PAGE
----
Joining Census Data from American FactFinder to TIGER/Line 2012 Shapefiles
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Doing demographic research has gotten a whole lot easier over the last years. U.S. Census now offers their TIGER/Line data in ArcGIS shapefile format, Census data and estimates from the American Community Survey are readily available through American FactFinder, and it's all free and available on the internet.
20 years ago or so as a graduate student at the University of California, I was doing environmental justice research in Silicon Valley. It wasn't an easy task. I had to download census data from the University of California super computer in San Diego. Even earlier, I had to get the data on magnetic tape.
TIGER/Line geodata was available, but not in a format that was easy to use. I didn't have the time to learn how to convert these to shapefile format, so, blessed with a bit of funding, we purchased these very expensive shapefiles from a private vendor. Now this has all changed.
On August 17, 2012 Census released the 2012 TIGER/Line data. These GIS files include all sorts of boundaries; line features like roads, streams; polygons like census tracts, block groups, blocks; and much more. An Amazing amount of geodata. You can download these in shapefile format.
But, there's still some work to do. The TIGER/Line shapefiles do not have demographic census data included with them. You must join this data to the shapefiles yourself or have someone like me do it for you. The census data is readily available for download at American FactFinder. It includes data from the decennial census as well as current and future estimates based on data from the American Community Survey.
U.S. Census published, Downloading Data from the New American FactFinder to use with TIGER/Line Shapefiles (1.2MB PDF format). This document steps you through the process of making the fields (GEOID10) in each data set identical so that the join will be successful. I've found that older versions of MS Excel won't handle some of the larger downloads (CSV format) from American FactFinder, but I have found that Open Office Calc handles them just fine.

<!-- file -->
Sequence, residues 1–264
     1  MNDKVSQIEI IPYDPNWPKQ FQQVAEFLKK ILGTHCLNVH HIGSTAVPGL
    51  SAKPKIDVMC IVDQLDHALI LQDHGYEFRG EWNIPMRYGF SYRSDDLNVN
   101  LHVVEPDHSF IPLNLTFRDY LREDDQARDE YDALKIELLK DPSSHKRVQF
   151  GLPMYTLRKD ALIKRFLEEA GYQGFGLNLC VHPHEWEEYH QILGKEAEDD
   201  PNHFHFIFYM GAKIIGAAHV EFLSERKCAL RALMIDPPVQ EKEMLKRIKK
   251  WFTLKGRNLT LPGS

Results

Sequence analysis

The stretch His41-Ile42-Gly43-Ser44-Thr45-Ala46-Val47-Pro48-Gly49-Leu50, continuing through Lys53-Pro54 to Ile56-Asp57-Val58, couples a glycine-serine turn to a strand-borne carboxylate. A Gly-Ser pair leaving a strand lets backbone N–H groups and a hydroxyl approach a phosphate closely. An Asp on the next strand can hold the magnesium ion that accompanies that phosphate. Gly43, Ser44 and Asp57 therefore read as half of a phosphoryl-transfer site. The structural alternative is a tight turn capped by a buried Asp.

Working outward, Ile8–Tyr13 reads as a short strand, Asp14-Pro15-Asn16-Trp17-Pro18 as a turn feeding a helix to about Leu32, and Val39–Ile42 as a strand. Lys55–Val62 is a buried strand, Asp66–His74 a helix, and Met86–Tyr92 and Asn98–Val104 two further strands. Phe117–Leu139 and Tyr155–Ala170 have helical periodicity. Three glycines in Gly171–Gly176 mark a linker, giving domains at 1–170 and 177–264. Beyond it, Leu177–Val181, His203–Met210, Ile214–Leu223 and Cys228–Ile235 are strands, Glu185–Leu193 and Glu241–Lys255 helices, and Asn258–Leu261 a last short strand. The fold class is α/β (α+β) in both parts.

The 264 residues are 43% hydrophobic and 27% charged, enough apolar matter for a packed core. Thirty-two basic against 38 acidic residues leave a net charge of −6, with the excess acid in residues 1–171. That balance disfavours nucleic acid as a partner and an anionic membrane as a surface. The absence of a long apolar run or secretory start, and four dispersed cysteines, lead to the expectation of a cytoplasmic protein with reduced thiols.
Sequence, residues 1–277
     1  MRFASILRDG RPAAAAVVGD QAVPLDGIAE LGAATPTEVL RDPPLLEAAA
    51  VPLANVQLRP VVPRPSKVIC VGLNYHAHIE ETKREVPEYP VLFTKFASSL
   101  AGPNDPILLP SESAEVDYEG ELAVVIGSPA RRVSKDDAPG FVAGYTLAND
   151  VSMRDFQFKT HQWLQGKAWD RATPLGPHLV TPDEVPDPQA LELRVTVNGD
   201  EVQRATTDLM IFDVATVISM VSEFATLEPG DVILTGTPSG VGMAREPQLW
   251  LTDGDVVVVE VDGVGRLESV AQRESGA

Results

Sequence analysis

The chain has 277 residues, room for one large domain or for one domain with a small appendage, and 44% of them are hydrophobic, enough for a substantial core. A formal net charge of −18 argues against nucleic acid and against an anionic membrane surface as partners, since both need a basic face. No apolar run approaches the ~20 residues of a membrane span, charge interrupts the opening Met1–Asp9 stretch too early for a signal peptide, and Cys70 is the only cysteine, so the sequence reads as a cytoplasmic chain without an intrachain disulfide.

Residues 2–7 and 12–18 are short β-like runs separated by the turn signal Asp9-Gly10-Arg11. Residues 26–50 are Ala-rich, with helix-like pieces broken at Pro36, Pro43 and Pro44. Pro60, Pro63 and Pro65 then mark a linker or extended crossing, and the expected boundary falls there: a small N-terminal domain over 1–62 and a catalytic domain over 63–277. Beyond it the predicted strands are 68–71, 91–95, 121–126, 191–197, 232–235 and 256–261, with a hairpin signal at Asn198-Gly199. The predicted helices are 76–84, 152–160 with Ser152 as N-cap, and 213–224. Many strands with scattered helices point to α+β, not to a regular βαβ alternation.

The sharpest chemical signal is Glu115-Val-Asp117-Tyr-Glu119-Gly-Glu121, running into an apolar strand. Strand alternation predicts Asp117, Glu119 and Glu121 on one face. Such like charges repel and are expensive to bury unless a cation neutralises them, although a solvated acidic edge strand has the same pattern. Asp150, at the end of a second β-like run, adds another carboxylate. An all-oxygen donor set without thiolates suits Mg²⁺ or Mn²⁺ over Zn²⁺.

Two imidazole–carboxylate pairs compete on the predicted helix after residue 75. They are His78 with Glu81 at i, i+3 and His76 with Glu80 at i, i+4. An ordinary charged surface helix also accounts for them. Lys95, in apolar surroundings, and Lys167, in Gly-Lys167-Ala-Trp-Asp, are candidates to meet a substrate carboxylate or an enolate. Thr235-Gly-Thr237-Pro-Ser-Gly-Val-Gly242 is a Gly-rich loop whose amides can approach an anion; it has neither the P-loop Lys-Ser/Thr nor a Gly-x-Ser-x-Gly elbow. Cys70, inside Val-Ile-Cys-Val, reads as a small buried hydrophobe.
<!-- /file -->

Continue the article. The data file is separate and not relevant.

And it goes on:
Once you get into the how-to document mentioned above, you'll learn how to convert existing GEOID fields into the format required for the join. Maptitude is my GIS of choice (click here to learn why I prefer Caliper's Maptitude). I noted that the tutorial uses Excel and I found that Calc does the "text to column" operation as well. You'll find it under the "data" menu item. Make sure that you use a capital "S" as the separator and it should work just fine. One problem. I found that it would not make the join until I went back into Calc and reformatted the new GEOID column's cells as "text" and made sure it was aligned "left."
Census has provided TIGER/Line Shapefile technical documentation that you can download here (4.6MB PDF format).
If you need help with custom shapefiles and/or GIS projects using demographic or other data, send me an email and we'll discuss it.
MapCruzin has been online since 1996 and we've been creating GIS shapefiles for 25 years.
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